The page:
UTI Asset Management Company has once again revived its plan to launch an initial public offering (IPO) and has sought approvals from the ministry of finance. The mutual fund major has been after the government to go ahead for its plans of offloading 25% shareholding in line with market regulator SEBI’s guidelines. With assets under management (AUM) of INR92,730 crore across its various schemes, UTI AMC is India’s fifth largest mutual fund player.
We are expecting a positive response on this. If we get an approval for an IPO, the dilution of promoter stake will be in line with Sebi’s minimum public shareholding norms, which is 25%
– Leo Puri, CEO, UTI AMC
In November 2014, UTI Asset Management chief executive Leo Puri was quoted as saying that the government’s approval had been sought for an IPO. No further update came on that but Puri has now reiterated that the company has not dropped the plan and is seeking ministry’s approval. This was revealed by Puri in a phone interview with the Press Trust of India (PTI). The executive is hopeful of securing an approval this time.
Puri declined to comment if the IPO would lead to an exit of its promoters and existing shareholders. Like most government financial institutions, UTI AMC is largely controlled by other state-owned financial institutions. State Bank of India (SBI), Life Insurance Corporation of India (LIC), Bank of Baroda (BoB) and Punjab National Bank (PNB) each hold 18.5% stake in UTI AMC. Original shareholding of the four promoters was reduced in November 2009 when they sold 26% stake to US-based T Rowe Price International Ltd for USD140 million (INR652 crore).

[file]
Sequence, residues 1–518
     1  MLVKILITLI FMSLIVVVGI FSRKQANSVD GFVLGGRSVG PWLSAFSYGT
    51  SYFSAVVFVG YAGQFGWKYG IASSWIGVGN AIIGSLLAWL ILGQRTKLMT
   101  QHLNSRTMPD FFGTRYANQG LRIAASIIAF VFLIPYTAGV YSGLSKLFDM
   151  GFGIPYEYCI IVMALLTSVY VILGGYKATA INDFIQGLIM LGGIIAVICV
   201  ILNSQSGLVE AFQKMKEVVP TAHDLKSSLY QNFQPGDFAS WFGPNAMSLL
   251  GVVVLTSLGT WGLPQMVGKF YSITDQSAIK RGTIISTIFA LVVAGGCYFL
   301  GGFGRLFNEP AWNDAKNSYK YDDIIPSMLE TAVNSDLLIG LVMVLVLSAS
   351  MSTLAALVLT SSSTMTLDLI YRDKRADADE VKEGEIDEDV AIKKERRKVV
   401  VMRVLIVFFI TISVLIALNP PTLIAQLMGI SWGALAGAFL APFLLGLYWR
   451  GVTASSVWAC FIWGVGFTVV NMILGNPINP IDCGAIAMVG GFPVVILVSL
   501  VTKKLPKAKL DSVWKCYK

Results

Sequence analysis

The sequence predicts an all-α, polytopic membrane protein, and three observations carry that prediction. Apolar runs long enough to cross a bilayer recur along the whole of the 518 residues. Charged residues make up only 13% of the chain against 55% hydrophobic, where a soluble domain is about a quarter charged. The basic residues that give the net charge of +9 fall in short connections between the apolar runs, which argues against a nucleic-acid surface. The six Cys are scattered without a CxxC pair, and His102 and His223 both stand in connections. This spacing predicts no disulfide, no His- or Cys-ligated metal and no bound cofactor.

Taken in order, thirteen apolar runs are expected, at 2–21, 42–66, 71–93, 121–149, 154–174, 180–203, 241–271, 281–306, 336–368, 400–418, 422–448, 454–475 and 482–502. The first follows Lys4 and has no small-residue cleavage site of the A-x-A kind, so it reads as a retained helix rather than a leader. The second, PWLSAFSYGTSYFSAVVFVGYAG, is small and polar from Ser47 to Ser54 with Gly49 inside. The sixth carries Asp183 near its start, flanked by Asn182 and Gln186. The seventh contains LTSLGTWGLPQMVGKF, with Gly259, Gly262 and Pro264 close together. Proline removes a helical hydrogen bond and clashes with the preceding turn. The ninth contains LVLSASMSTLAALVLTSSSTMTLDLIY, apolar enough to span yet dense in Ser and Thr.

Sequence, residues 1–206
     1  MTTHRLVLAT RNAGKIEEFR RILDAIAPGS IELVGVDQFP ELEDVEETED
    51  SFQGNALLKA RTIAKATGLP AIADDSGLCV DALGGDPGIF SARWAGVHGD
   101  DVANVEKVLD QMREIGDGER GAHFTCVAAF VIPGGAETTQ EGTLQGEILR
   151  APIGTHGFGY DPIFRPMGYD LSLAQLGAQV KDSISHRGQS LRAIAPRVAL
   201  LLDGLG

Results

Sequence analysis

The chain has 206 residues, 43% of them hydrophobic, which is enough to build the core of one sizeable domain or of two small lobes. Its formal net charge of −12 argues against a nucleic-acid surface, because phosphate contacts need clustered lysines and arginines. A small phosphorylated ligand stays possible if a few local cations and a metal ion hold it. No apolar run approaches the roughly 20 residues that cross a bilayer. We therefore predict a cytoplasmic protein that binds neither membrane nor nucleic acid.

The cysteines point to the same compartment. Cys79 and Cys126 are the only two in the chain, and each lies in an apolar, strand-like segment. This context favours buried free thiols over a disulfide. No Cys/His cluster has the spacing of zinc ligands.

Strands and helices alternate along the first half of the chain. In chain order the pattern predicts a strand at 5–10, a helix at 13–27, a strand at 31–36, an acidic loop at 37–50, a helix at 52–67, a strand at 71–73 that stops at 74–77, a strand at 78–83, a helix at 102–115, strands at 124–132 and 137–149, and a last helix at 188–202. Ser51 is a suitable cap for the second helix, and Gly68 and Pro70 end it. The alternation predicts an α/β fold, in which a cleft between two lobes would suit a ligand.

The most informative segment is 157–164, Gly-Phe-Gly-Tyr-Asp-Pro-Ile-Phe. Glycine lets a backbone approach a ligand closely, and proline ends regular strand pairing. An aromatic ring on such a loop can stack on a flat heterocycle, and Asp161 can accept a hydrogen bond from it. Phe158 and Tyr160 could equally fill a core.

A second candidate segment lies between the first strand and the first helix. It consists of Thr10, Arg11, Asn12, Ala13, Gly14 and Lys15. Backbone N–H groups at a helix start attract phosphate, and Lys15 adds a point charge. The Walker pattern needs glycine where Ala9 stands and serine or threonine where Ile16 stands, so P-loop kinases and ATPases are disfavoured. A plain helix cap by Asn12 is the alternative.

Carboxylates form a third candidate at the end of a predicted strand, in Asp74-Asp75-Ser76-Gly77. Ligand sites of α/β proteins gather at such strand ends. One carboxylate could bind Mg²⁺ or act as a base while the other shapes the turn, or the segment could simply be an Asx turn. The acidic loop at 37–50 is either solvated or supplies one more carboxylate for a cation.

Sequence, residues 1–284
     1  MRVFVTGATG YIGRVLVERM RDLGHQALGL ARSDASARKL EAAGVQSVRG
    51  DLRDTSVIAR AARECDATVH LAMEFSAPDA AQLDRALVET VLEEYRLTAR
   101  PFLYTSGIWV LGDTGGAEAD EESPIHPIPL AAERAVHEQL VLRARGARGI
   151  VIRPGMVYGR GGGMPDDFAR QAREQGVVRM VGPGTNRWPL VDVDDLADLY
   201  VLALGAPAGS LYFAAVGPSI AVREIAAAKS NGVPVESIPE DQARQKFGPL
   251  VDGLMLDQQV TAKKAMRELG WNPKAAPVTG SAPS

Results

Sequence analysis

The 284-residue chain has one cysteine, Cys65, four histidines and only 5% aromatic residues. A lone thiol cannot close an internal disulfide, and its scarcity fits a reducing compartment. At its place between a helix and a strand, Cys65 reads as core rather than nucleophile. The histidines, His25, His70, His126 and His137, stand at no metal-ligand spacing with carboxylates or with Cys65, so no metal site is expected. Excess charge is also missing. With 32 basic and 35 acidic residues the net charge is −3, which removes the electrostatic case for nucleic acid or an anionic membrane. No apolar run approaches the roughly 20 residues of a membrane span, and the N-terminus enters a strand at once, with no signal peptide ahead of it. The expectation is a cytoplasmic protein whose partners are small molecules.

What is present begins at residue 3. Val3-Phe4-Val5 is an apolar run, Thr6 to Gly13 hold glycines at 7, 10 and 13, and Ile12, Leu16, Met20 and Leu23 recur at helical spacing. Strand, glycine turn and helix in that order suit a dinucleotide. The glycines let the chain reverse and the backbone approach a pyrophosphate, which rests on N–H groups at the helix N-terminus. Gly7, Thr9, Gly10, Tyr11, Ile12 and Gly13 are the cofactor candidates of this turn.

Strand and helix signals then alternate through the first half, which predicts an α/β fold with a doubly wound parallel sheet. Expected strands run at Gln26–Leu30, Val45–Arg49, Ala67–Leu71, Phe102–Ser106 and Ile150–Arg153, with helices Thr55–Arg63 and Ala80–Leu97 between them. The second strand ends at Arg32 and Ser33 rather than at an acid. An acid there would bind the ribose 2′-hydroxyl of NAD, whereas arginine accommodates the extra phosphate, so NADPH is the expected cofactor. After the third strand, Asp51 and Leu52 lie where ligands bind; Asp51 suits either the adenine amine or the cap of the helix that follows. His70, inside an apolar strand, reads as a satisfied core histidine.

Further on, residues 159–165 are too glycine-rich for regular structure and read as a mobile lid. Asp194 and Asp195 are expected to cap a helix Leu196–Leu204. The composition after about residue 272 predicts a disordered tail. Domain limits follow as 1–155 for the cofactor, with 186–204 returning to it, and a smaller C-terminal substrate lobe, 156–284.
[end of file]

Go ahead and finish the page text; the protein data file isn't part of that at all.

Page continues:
An IPO for UTI AMC is a logical step since the state-owned financial institutions have a conflict of interest by already owing separate AMCs. While SEBI rules prohibit equity interests in separate AMCs, consolidation in the industry is allowed. As a result, fund houses can acquire other AMCs. Given that UTI AMC has emerged as prized asset from its troubled past, SBI and LIC are believed to be interested in buying out other promoters and shareholders and merge UTI AMC with their regular schemes.
India’s Red Hot IPO market
The report comes at a time when several companies have approached SEBI with their plans to raise funds through primary market. Under fire for slow processing, market regulator SEBI has been prompt this year in giving approvals to companies. In the first six months of 2015, SEBI has issued observations to 21 companies to bring IPOs, taking 97 days on average to process these applications. This contrasts with just 5 approvals in the same timeframe of 2014. Ironically, SEBI took 248.8 days on average to approve IPO applications.